“A good day for me is when I don’t have to go down the bottom,” chuckles Ken Nikolai, the
amiable landlord of Levant Bar and Restaurant. “We’re not part of North Cyprus, but we are close enough to visit.”
Ken and his wife Debbie are well-travelled Canadian teachers who chose North Cyprus as a base for their work in the Middle East. They never planned to become restaurateurs, until Levant became vacant seven years ago. Debbie says:“It wasn’t a very rational thing to do but we felt we were part of the village, there were very few places to go and the village needed its restaurant.
“I have always enjoyed cooking but there’s more to running a restaurant than being a good cook, in fact, as we discovered, that’s only a small part of it. The village needed a heart. We decided if we were going to do it, we would do it right.”
Ken takes up the story: “Debbie has always been a very good cook. She reads a recipe book like a novel, from cover to cover. She decided to quit teaching in Dubai …..” Debbie interjects: “Ken was due to retire and join me and run the bar, but he abdicated very early on.”
Ken continued his education work in Abu Dhabi but returns to Karmi as often as he can. He says he really will retire at the end of this year, when both of them will consider their future.
The Nikolais have not only invested in Levant but subsequently took on the management of the village pub, the Crow’s Nest. If that weren’t enough, they have now taken over another empty house opposite their restaurant and turned it into a new village coffee shop. Naturally they have a vested interest in attracting more visitors, but Ken claims they are hampered by a unique situation.
The Ministry of Tourism controls Karmi through a “Special Village Committee.” The Committee meets once a month to approve maintenance issues and applications for the transfer of leases. It is chaired by tourism official Mine Fedai. The other members are a representative from the District Office in Kyrenia and five permanent residents appointed by the Ministry. The Committee enforces strict rules about paint colours and building materials to ensure the stone houses retain their authenticity.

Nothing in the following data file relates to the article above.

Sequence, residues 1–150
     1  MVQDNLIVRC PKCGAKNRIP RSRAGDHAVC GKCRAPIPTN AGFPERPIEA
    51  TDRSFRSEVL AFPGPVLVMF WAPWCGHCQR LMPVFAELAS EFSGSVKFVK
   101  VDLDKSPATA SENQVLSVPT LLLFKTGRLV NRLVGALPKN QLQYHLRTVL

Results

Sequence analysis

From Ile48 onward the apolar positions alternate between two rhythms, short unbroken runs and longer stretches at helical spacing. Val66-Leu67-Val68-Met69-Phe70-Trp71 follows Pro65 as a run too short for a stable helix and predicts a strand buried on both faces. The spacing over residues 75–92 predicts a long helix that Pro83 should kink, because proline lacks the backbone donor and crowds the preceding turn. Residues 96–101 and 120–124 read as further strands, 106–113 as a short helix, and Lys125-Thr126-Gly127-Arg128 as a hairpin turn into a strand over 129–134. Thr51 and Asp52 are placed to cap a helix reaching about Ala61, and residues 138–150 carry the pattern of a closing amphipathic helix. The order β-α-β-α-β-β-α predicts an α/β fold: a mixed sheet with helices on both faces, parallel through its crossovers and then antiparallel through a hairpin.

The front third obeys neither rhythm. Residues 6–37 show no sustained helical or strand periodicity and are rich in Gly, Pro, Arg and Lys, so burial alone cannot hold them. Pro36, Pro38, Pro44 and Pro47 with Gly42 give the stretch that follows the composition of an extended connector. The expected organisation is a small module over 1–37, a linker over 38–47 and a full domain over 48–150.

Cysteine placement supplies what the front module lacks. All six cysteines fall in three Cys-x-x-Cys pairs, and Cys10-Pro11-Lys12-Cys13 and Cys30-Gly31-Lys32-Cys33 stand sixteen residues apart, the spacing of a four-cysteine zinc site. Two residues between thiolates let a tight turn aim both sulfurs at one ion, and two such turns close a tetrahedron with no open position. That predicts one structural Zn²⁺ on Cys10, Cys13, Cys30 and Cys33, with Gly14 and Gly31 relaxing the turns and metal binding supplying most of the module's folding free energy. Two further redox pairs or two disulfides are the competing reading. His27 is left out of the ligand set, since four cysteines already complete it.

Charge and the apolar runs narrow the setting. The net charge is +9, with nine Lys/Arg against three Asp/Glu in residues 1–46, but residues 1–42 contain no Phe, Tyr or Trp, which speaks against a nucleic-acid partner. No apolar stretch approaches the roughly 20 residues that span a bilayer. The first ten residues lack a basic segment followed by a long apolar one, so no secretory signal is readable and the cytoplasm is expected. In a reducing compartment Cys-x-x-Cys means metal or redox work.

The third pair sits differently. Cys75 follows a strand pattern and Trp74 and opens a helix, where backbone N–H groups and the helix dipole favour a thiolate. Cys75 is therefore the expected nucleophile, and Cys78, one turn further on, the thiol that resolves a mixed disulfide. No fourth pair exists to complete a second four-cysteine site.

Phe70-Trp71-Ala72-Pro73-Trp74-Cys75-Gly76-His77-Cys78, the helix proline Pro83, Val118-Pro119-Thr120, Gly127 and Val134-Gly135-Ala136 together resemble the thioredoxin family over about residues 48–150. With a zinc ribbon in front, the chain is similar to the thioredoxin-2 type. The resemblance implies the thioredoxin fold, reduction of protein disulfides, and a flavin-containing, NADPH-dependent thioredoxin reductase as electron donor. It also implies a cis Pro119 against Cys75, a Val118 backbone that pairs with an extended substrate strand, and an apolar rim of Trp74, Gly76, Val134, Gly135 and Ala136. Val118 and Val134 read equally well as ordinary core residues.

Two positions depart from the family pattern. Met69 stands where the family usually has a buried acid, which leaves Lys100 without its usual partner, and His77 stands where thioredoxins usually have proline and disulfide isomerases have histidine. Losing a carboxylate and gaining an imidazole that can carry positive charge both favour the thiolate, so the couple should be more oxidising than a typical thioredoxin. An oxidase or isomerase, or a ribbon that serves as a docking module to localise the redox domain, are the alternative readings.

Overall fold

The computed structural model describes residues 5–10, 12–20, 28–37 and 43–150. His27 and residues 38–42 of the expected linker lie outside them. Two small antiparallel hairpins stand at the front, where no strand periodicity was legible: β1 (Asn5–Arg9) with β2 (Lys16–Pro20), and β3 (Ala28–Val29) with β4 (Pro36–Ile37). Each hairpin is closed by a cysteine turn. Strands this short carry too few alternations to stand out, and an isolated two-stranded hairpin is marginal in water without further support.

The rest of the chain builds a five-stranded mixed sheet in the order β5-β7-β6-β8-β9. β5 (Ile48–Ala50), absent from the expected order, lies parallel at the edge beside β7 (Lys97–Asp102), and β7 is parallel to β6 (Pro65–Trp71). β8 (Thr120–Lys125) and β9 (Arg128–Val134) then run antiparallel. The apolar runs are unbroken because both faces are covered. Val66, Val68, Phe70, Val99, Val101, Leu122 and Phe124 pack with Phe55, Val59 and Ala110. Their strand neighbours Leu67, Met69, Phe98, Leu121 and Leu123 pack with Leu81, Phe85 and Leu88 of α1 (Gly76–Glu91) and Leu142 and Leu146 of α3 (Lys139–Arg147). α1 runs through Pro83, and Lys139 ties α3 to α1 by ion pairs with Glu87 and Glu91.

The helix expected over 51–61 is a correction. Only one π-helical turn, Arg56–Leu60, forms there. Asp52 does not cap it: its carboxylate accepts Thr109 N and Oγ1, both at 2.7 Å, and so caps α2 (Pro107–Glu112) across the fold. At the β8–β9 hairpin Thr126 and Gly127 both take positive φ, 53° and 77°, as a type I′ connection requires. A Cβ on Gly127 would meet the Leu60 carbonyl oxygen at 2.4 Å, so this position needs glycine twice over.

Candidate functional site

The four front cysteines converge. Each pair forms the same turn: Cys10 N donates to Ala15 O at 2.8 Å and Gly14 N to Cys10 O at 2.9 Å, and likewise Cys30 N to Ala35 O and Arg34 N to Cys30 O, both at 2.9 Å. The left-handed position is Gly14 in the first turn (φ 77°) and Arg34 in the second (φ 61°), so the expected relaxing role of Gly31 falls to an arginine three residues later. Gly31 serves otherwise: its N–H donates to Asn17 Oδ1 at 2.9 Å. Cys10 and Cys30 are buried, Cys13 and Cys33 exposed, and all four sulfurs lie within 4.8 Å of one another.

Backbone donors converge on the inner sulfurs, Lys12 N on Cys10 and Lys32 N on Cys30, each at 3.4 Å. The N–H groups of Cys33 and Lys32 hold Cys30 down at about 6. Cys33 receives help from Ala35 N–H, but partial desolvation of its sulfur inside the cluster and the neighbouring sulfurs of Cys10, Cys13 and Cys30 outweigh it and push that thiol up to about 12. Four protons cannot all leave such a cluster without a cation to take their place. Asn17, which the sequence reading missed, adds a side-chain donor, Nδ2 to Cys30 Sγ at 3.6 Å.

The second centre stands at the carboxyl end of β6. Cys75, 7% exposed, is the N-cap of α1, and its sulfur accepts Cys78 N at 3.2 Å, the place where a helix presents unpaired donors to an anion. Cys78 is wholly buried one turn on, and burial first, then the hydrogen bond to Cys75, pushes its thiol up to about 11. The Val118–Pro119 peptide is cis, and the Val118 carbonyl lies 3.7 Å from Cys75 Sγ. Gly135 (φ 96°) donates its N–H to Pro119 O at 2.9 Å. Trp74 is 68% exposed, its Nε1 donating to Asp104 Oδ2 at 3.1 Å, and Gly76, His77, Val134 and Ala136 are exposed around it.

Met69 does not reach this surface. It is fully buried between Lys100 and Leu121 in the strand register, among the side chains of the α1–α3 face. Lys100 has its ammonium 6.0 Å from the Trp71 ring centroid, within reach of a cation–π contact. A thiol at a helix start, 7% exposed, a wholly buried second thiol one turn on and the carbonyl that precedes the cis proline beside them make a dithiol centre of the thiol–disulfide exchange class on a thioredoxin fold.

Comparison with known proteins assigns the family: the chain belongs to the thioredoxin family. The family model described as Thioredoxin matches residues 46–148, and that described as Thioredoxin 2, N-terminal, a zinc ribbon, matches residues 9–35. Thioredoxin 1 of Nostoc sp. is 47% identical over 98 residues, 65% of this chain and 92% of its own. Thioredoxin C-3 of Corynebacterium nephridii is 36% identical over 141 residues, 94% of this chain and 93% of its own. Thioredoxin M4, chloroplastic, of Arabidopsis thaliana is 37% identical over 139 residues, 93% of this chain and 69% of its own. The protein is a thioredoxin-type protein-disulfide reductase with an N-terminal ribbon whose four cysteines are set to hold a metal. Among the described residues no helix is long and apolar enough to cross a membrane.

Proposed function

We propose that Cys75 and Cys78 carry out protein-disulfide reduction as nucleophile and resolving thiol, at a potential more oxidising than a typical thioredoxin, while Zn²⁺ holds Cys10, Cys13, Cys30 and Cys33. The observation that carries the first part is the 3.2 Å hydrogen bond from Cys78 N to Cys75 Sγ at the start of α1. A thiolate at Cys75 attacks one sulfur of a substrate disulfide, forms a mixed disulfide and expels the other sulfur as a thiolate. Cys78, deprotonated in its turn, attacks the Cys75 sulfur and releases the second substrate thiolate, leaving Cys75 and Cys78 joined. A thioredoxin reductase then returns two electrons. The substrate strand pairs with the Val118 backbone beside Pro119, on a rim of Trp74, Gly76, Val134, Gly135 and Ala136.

Aided by their five long-serving and loyal Phillipino staff, Debbie and Ken have made a modest success of the restaurant business. “There’s no money in it, it’s hard work but it is strangely rewarding,” he says. “The biggest challenge is not running the restaurant, it’s the Cypriot bureaucracy. There’s no support from the government. They don’t promote Karmi at all.
“This is supposed to be a touristic village but people don’t know we exist. No Minister of Tourism has ever brought a guest here. We succeed only by word of mouth and a lot of repeat business from people who come every year. Everything used to be closed from three to six in the afternoon. You couldn’t even get a glass of water, but now the coffee shop will help. We want people to come here, have a lovely meal and walk away happy.
“We need recognition, suppport. The village should be catering for tourists. The residents want a shop, a bar and a restaurant so how are we to support these things unless we have customers? At the very least we need a minibus that would bring people up and down, even twice a day, but the Committee has banned buses from coming here.”
Mine Fedai denies any bus ban. She said: “To my knowledge, no buses for public transportation come up to the village and this has nothing to do with the Ministry or the Committee. In any case, village roads are not suitable for buses.”
Ken says: “The original intention was for this to be an artisan village, where artists and crafts people would be encouraged to take the houses and we would have a shop selling quality souvenirs. I don’t know what happened to that.
“Now the different governments we have all the time, they just want to forget that Karmi exists. It’s political dynamite: ‘We stole this lovely Greek village’. The Cyprus situation is going to be fixed externally. It doesn’t matter what people here think. We are just part of a much bigger problem.”